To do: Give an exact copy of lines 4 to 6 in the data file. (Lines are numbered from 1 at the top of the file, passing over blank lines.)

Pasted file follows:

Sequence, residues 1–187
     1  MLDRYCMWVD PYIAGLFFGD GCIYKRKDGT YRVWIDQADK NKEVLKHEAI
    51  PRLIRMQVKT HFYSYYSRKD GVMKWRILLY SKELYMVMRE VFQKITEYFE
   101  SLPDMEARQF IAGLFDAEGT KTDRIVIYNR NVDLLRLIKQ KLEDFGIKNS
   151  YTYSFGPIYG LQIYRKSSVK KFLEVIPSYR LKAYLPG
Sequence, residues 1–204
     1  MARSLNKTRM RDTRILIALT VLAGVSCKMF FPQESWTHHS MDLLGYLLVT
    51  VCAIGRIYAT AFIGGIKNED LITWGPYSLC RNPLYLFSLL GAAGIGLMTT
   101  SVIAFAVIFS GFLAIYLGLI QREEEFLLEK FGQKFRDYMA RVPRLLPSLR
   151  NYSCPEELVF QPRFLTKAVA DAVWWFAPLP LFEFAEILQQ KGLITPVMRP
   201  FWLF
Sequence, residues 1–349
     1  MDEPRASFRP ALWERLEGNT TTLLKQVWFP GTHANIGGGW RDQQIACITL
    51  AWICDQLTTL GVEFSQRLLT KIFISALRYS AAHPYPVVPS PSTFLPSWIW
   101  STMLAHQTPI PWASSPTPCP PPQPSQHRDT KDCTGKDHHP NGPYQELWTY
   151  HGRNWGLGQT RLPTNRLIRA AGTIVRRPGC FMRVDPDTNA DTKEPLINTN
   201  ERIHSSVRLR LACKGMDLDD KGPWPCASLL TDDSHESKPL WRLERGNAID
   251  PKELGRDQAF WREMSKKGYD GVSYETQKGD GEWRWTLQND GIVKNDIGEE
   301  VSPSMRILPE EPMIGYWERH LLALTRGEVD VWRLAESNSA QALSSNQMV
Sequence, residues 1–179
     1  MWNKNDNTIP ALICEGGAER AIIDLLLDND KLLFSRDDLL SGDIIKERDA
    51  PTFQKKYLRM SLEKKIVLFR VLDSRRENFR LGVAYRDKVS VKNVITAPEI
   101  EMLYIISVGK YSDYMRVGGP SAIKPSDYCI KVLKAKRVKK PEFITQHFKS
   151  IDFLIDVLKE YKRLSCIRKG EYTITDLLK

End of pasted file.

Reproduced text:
   101  SLPDMEARQF IAGLFDAEGT KTDRIVIYNR NVDLLRLIKQ KLEDFGIKNS
   151  YTYSFGPIYG LQIYRKSSVK KFLEVIPSYR LKAYLPG
Sequence, residues 1–204